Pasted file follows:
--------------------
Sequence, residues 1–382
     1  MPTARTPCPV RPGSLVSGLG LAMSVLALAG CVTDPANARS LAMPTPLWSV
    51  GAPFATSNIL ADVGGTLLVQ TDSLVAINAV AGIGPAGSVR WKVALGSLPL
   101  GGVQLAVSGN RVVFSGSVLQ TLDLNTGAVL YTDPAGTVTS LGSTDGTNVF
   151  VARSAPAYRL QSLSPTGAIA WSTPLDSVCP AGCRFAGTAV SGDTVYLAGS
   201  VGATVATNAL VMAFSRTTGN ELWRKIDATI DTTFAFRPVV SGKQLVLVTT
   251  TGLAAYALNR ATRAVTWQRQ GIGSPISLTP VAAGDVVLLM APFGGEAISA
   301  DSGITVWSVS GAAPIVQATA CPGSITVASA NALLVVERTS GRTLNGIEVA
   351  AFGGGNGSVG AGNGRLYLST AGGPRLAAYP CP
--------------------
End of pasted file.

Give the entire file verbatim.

Sequence, residues 1–382
     1  MPTARTPCPV RPGSLVSGLG LAMSVLALAG CVTDPANARS LAMPTPLWSV
    51  GAPFATSNIL ADVGGTLLVQ TDSLVAINAV AGIGPAGSVR WKVALGSLPL
   101  GGVQLAVSGN RVVFSGSVLQ TLDLNTGAVL YTDPAGTVTS LGSTDGTNVF
   151  VARSAPAYRL QSLSPTGAIA WSTPLDSVCP AGCRFAGTAV SGDTVYLAGS
   201  VGATVATNAL VMAFSRTTGN ELWRKIDATI DTTFAFRPVV SGKQLVLVTT
   251  TGLAAYALNR ATRAVTWQRQ GIGSPISLTP VAAGDVVLLM APFGGEAISA
   301  DSGITVWSVS GAAPIVQATA CPGSITVASA NALLVVERTS GRTLNGIEVA
   351  AFGGGNGSVG AGNGRLYLST AGGPRLAAYP CP